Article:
12P/Pons-Brooks (0012P)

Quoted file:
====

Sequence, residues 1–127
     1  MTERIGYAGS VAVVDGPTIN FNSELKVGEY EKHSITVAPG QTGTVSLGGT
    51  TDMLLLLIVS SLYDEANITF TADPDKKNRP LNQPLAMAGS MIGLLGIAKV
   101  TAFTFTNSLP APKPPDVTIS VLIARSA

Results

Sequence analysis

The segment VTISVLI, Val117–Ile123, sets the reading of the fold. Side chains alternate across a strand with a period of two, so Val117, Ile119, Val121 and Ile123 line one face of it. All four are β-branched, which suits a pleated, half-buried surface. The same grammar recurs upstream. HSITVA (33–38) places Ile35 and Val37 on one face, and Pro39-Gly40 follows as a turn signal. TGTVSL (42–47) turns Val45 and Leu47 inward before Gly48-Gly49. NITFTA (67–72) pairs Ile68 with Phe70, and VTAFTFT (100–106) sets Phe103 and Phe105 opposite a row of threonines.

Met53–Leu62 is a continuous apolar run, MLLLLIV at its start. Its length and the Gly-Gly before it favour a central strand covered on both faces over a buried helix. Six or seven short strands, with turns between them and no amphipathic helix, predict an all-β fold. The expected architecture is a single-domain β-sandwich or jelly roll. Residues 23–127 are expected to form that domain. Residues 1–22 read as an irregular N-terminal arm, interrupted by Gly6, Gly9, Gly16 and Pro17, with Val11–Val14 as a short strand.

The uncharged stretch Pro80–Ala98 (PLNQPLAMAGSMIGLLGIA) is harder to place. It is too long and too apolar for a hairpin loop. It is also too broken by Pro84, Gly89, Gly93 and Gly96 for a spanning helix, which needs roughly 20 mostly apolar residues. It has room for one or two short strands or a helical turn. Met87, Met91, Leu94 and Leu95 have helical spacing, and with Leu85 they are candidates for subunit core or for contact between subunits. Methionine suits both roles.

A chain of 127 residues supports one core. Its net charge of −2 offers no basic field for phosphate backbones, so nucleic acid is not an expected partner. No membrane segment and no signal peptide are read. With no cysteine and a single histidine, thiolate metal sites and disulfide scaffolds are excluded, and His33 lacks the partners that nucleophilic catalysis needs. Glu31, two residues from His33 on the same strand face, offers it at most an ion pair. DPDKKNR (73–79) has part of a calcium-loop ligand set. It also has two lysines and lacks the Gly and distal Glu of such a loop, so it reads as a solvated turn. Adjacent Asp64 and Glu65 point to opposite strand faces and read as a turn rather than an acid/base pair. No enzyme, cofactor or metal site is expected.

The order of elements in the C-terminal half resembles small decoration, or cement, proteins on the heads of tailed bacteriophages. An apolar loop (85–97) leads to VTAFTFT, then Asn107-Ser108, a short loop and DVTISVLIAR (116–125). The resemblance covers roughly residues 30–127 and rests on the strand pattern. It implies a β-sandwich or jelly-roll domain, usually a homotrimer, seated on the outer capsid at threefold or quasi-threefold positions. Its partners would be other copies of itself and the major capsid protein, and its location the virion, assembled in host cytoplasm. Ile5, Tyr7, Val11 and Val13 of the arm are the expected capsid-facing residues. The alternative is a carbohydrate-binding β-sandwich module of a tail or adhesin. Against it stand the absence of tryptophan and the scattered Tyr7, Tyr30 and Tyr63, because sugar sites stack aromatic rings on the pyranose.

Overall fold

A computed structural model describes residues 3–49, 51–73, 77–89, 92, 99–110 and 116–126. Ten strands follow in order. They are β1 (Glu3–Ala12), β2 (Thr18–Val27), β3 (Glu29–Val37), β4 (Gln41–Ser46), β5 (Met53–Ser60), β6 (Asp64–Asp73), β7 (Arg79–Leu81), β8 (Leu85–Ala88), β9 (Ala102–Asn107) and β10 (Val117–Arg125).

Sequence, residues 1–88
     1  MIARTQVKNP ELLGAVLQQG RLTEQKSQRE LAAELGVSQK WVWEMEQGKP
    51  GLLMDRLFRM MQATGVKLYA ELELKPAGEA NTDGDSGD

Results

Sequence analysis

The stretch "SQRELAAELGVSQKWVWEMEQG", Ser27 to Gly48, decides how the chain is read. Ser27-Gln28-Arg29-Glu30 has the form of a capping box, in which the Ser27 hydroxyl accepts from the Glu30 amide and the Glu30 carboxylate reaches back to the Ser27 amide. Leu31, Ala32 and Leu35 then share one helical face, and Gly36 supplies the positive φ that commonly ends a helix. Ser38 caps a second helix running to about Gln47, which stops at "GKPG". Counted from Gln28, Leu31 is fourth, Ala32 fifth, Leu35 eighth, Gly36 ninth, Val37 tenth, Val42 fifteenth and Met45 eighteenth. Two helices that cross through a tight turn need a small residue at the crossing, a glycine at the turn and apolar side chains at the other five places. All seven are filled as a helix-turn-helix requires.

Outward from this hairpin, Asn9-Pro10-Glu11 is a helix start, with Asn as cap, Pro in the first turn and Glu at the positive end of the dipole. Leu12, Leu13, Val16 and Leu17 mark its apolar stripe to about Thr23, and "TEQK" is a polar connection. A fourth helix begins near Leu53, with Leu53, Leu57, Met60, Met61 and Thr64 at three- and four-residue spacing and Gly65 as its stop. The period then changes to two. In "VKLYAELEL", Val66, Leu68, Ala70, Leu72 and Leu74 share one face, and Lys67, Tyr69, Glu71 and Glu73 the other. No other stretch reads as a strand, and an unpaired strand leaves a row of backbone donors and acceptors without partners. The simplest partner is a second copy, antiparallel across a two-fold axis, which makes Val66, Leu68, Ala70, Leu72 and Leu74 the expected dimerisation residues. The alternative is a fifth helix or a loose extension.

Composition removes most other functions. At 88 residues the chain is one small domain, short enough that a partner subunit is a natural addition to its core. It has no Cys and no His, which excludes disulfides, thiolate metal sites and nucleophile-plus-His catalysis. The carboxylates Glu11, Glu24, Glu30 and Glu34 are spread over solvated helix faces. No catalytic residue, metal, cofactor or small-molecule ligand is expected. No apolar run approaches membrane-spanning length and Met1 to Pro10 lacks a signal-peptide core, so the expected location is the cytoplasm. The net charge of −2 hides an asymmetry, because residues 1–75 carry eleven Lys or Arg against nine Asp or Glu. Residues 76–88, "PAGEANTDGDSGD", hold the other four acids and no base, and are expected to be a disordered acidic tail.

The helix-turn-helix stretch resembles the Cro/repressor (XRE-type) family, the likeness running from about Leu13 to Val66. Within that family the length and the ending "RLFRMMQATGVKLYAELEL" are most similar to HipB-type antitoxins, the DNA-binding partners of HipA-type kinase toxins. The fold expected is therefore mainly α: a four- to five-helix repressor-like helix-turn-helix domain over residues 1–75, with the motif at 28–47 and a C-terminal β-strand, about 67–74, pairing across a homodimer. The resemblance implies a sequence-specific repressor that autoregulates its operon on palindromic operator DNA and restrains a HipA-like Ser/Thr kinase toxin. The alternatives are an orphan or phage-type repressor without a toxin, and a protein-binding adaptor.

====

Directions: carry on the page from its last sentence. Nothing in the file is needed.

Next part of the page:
Type: Periodic Perihelion date: 21 April 2024 Perihelion distance (q): 0.8 Aphelion distance (Q) : 33.6 Period (years): 71.2 Eccentricity (e): 0.95 Inclination (i): 74.2 JPL orbit diagram COBS lightcurve Jean Louis Pons (Marseille, France) discovered this comet on 21 July 1812, located in Lynx. Pons described it as a small, ill-defined nebulosity, without a tail, and not visible to the naked eye. Independent discoveries were made by Wisniewsky (Russia) on 1 August and Bouvard (France) on 2 August. The comet became visible to the naked eye on 13 August, and by the end of August it was displaying a tail about 2 degrees long. The comet probably reached its maximum brightness around mid-September, with a magnitude around 4 and was last seen on 28 September as its southern motion took it out of sight below the southern horizon. Estimates of the orbit period ranged from 65 to 75 years. Johann Encke determined a definitive orbit with a period of 70.68 years. This orbit was used to generate an ephemeris for the 1883 return, but searches were unsuccessful. William R. Brooks (Phelps, New York) accidentally “discovered” this comet on 2 September 1883. He described it as small and estimated the magnitude as 10. The comet remained a small, tailless nebulosity, but observations on 23 September revealed a rapid, unusual change had occurred as the comet had become a stellar object of magnitude 7 or 8. Thereafter, the coma reappeared, in addition to a short tail. The comet went back to normal and continued its expected brightening, attaining naked-eye visibility on 20 November. As January began it reached its greatest brightness of magnitude 3. Muller (Germany) noted a 0.7-magnitude brightening of the nucleus during 1.75 hours on 1 January 1884 and several astronomers reported the comet brightened by one magnitude on 19 January. The comet steadily faded thereafter and was last seen on 2 June at magnitude 9.5. Elizabeth Roemer (Lick Observatory) recovered the comet on 20 June 1953 at a magnitude of 17.5. As with the 1883-4 apparition, the comet experienced several outbursts in brightness. The first on 1 July brought the comet up to magnitude 13. The comet was back to its predicted brightness of 18 by 16 July and a slow brightening set in as the comet approached perihelion. By 15 September the comet had finally reached magnitude 16, but another outburst took the comet up to magnitude 12 by the 28th. Another outburst in occurred in December and then the comet performed as expected thereafter, reaching maximum magnitude of 6 during late April. Observations (VEMag = visual equivalent magnitude) Date 10x10 mag Error VEmag Coma ' 11-Jun-23 17.7 0.4 22-Jun-23 17.5 0.4 30-Jun-23 17.7 0.4 08-Jul-23 17.4 0.4 19-Jul-23 16.8 0.4 23-Jul-23 11.7 1.5 25-Jul-23 11.9 1.5 28-Jul-23 11.9 2.1 07-Aug-23 12.0 3.4 09-Aug-23 12.3 3.0 16-Aug-23 12.7 3.0 18-Aug-23 12.5 3.6 21-Aug-23 12.8 3.4 24-Aug-23 14.1 2.1 28-Aug-23 14.4 0.4 13-Sep-23 14.5 1.7 27-Sep-23 13.6 2.4